The FAC3 Way to Format Your CV
The best way to format your CV is by making it as clear as possible.
Whether you’re writing your CV for the very first time or revisiting your CV for the 3rd or 4th time, working out how to format your CV never gets any easier. Even once you’ve got the content right, it can be tempting to move paragraphs around, change the order of your headings and just generally try to make it more ‘appealing’.
Trust us when we say that when it comes to your CV, less is more.
Your CV is a way of showcasing your skills, experience and personality to prospective employers, and you should focus on ensuring that it’s your content hiring managers will remember, NOT the large photo of yourself splashed across the top of the page.
If you’re applying for a role within a larger company, your CV may be passed through ATS software. ATS software isn’t interested in garish colours and photos. In fact, it may not even be able to read a CV that’s too ‘unique’. Instead, strip your CV back to basics, and make sure it could never be classed as style over substance.
Here are 5 of our top tips for formatting your CV:
Don’t include a photograph of yourself
For one thing, what you look like has absolutely no impact on whether or not you’ll get the job. You want to be judged on your attributes, not your hairstyle. Equal opportunities also means that employers will disregard any image on your CV and you’ll have wasted valuable space by including a photograph that will be ignored.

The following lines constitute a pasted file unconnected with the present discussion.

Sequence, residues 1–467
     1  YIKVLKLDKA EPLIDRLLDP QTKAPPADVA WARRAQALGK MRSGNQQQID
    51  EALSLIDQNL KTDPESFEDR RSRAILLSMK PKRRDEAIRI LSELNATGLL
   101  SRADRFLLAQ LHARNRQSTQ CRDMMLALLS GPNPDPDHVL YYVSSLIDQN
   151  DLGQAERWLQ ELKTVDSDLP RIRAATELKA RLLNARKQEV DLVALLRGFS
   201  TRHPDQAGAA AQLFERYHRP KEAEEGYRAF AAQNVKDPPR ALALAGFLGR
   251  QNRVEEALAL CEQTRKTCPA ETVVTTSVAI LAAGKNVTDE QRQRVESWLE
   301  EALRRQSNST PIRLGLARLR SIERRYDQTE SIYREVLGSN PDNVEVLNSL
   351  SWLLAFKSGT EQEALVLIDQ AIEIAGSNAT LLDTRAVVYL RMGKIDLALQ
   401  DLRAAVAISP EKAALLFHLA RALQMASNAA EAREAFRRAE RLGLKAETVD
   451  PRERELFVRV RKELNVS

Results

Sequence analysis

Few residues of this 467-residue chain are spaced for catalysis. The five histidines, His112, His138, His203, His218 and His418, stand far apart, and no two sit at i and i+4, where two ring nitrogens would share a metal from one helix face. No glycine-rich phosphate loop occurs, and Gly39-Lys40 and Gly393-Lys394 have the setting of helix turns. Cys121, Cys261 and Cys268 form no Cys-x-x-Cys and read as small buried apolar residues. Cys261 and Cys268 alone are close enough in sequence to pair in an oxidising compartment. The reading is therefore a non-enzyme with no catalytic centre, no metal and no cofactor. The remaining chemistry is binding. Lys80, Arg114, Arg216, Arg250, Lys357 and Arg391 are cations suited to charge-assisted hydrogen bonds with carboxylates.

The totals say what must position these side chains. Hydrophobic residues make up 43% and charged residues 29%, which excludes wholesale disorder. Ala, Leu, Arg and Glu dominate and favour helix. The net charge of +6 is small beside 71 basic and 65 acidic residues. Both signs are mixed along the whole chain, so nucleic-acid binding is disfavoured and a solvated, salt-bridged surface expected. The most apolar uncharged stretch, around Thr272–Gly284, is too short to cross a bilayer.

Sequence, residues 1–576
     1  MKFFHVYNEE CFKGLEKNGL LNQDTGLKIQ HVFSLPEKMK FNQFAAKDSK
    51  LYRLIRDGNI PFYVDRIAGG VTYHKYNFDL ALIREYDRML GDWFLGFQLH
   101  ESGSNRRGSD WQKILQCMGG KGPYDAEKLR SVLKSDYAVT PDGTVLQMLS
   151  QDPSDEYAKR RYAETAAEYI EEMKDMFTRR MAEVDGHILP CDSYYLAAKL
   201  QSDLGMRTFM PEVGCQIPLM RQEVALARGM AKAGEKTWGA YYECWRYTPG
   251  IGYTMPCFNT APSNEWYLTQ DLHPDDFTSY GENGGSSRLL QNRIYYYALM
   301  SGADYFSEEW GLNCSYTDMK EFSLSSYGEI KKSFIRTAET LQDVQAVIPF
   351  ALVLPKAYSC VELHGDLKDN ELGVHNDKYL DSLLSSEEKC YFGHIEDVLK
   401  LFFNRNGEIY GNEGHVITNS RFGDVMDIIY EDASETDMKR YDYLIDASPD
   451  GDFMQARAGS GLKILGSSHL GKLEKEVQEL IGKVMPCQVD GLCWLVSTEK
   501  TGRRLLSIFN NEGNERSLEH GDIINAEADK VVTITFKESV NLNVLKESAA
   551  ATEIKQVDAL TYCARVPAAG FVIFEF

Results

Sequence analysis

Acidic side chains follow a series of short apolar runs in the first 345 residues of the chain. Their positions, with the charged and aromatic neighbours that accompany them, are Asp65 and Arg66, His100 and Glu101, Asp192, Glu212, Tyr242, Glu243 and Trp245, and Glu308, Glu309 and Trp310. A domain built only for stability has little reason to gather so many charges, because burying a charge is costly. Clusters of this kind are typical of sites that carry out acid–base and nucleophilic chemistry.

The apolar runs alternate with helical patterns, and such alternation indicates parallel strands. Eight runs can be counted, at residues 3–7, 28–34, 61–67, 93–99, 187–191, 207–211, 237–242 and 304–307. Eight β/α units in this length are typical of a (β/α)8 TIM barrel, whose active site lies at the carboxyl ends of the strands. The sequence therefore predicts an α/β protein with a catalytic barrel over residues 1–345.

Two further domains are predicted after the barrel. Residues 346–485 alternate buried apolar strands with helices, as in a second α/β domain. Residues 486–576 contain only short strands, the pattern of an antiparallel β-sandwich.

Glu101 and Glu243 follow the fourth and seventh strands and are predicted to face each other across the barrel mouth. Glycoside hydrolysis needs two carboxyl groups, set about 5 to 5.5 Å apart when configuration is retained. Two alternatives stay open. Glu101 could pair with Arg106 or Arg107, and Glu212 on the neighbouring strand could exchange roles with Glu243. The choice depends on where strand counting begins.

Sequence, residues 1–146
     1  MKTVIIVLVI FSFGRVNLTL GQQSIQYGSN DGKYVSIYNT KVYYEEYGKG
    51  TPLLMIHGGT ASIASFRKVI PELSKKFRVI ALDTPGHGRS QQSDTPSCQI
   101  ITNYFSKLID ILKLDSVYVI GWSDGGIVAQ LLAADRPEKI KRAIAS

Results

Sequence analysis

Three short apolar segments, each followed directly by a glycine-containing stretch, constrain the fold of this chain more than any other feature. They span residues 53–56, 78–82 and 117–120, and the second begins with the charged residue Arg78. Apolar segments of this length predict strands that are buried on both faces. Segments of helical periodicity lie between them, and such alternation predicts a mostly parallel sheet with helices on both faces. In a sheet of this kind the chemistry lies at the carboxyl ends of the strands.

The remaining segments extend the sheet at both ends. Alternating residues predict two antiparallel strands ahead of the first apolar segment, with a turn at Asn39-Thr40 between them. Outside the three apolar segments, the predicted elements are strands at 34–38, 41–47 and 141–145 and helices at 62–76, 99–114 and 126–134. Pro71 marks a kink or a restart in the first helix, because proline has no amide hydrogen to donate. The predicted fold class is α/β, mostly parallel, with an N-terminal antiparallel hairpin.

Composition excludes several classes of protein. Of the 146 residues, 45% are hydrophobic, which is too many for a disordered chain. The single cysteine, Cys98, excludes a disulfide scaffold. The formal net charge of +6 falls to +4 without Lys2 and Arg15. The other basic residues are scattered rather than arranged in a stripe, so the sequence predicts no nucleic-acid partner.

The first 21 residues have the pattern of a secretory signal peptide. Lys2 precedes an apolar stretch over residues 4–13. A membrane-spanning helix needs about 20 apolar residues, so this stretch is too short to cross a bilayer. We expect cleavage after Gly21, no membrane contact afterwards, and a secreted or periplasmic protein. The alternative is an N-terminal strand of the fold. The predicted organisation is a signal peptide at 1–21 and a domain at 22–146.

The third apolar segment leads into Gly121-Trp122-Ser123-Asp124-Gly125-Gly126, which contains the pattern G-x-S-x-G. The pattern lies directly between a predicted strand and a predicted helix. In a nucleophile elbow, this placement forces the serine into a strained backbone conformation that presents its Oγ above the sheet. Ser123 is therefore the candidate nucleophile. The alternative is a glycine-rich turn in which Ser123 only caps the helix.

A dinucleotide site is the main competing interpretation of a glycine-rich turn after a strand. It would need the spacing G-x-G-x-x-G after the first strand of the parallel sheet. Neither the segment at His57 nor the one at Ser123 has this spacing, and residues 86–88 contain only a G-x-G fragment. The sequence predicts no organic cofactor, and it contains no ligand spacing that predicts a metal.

Be economical with your words
Your CV should be concise, and every word you use must be carefully thought out. Make sure you cut down on waffle and focus on giving hiring managers information that will help them understand why you are the best person for the job. The more concise you are with your words, the more engaged people will be when reading your CV.
Make use of short paragraphs and smaller chunks of text rather than large rambling blocks of words. Most of us naturally overwrite, and it’s often relatively easy to condense the words we use and still say the same thing. When you write your CV, remove any repetition and make sure each word is necessary.
Use clear headings and subheadings
Your CV should be structured in clearly defined sections that are easy to skim read. A well organised CV will have obvious sections, and if you can’t work out where information should go, ask yourself if it really needs to be included. Headings could include: personal details, work history, qualifications and hobbies.
Once your sections are clear, make sure none of your sections run across from one page to another. It’s harder to skim read across page breaks and this can often affect the flow of your words.
Consistency is key
Stick with the same format throughout your CV. Start and end dates are likely to be included in almost every section of your CV, and you should make sure they’re written in the same way and in the same place, every time.